1

1

π

' (2 π) 2

4

(II-4-27)

2β

based on criteria developed by Miche (1951) and Keller (1961) (Walton et al. 1989).

(1) Irregular wave runup has also been found to be a function of the surf similarity parameter (Holman

and Sallenger 1985, Mase 1989, Nielsen and Hanslow 1991), but differs from regular wave runup due to the

interaction between individual runup bores. Uprush may be halted by a large backrush from the previous

wave or uprush may be overtaken by a subsequent large bore. The ratio of the number of runup crests to the

number of incident waves increases with increased surf similarity parameter (ratios range from 0.2 to 1.0 for

for low values of *ξ*o. See Section II-4-5 for a discussion of infragravity waves.

(2) Mase (1989) presents predictive equations for irregular runup on plane, impermeable beaches (slopes

1/5 to 1/30) based on laboratory data. Mase's expressions for the maximum runup (*R*max), the runup exceeded

highest 1/3 of the runups (*R*1/3), and the mean runup ( & ) are given by

by 2 percent of the runup crests (*R*2%), the average of the highest 1/10 of the runups (*R*1/10), the average of the

' 2.32 ξo0.77

(II-4-28)

' 1.86 ξo0.71

(II-4-29)

' 1.70 ξo0.71

(II-4-30)

' 1.38 ξo0.70

(II-4-31)

' 0.88 ξo0.69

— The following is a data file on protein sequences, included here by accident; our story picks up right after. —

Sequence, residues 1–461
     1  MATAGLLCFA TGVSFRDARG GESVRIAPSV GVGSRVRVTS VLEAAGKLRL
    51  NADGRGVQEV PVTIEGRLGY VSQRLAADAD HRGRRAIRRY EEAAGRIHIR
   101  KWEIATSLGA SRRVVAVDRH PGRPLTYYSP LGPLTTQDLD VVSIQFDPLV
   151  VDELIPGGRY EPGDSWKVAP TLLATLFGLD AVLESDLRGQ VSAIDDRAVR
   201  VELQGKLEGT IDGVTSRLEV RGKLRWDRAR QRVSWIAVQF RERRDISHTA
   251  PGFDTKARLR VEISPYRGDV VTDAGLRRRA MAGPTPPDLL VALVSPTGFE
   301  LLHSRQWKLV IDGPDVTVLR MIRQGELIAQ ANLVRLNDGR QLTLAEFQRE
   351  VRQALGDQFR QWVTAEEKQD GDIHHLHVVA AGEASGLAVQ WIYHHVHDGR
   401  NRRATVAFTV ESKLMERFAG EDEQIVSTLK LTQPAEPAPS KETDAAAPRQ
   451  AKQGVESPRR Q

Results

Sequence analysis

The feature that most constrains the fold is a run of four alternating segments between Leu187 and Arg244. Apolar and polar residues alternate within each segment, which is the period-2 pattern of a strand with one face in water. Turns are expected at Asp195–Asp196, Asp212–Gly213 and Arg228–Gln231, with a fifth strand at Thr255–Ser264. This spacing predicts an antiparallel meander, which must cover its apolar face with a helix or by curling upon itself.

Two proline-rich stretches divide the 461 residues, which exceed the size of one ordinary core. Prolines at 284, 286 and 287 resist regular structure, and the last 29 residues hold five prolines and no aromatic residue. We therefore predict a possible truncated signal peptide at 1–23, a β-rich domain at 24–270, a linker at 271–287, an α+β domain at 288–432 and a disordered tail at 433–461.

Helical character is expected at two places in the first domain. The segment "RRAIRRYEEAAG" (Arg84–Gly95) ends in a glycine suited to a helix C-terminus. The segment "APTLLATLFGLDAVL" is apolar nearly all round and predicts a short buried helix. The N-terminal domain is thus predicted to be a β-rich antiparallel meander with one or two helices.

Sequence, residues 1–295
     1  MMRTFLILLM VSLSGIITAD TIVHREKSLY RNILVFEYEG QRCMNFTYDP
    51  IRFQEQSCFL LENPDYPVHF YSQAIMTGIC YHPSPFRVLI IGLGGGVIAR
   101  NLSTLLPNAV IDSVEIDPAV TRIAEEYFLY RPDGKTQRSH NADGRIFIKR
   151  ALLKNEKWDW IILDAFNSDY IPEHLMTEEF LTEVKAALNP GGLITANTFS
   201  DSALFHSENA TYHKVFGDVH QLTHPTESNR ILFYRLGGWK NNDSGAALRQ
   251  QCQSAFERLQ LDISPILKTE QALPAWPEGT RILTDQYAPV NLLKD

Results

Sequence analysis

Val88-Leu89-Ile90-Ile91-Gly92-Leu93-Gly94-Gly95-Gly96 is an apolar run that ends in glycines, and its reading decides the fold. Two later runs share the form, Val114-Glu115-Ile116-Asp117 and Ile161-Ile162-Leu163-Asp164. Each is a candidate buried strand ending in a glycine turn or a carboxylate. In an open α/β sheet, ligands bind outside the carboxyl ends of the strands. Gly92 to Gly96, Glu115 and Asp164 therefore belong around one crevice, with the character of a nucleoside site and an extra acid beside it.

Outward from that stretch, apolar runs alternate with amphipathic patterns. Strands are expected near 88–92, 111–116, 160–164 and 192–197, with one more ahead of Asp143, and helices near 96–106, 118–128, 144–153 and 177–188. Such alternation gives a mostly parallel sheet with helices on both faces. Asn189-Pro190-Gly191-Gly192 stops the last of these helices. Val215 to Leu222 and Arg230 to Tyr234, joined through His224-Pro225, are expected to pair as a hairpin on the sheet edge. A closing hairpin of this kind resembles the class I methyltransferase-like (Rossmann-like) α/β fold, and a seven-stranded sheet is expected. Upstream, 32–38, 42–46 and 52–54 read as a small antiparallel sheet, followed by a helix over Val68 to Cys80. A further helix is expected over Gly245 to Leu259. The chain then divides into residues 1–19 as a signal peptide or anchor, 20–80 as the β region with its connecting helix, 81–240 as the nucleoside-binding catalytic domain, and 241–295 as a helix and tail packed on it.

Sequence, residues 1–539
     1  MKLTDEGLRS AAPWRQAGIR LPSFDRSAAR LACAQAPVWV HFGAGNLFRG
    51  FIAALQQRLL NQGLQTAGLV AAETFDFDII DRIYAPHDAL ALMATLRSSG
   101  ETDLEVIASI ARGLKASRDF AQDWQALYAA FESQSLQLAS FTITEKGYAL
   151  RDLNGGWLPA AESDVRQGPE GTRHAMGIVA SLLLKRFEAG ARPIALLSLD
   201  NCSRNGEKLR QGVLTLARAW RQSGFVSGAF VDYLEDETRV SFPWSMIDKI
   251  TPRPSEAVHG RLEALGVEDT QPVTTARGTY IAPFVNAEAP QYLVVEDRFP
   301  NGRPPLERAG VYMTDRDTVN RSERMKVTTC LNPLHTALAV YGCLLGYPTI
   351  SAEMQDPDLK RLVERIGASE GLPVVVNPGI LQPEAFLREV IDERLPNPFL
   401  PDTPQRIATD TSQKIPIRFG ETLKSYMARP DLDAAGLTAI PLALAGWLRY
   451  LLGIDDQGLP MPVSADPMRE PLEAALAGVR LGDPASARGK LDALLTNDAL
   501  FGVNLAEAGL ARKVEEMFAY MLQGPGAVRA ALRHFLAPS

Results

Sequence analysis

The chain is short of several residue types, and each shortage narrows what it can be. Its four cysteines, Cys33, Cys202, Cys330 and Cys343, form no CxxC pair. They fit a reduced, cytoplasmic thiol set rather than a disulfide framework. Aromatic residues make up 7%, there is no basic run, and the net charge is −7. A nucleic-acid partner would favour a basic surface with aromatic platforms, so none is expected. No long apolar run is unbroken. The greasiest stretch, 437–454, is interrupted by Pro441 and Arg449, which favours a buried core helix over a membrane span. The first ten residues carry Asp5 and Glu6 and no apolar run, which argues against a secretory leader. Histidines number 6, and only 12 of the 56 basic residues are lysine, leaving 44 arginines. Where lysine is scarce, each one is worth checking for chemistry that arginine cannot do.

(II-4-32)

for 1/30 # tan *β *# 1/5 and *H*o/Lo $ 0.007, where *H*o is the significant deepwater wave height and *ξ*o is

calculated from the deepwater significant wave height and length. The appropriate slope for natural beaches

is the slope of the beach face (Holman 1986, Mase 1989). Wave setup is included in Equations II-4-28

through II-4-32. The effects of tide and wind setup must be calculated independently. Walton (1992)

extended Mase's (1989) analysis to predict runup statistics for any percent exceedence under the assumption

that runup follows the Rayleigh probability distribution.

(3) Field measurements of runup (Holman 1986, Nielsen and Hanslow 1991) are consistently lower than

predictions by Equations II-4-28 through II-4-32. Equation II-4-29 overpredicts the best fit to *R*2% by a factor

of two for Holman's data (with the slope defined as the beach face slope), but is roughly an upper envelope

of the data scatter. Differences between laboratory and field results (porosity, permeability, nonuniform

slope, wave reformation across bar-trough bathymetry, wave directionality) have not been quantified. Mase

(1989) found that wave groupiness (see Part II-1 for a discussion of wave groups) had little impact on runup

for gentle slopes.

II-4-18

Surf Zone Hydrodynamics

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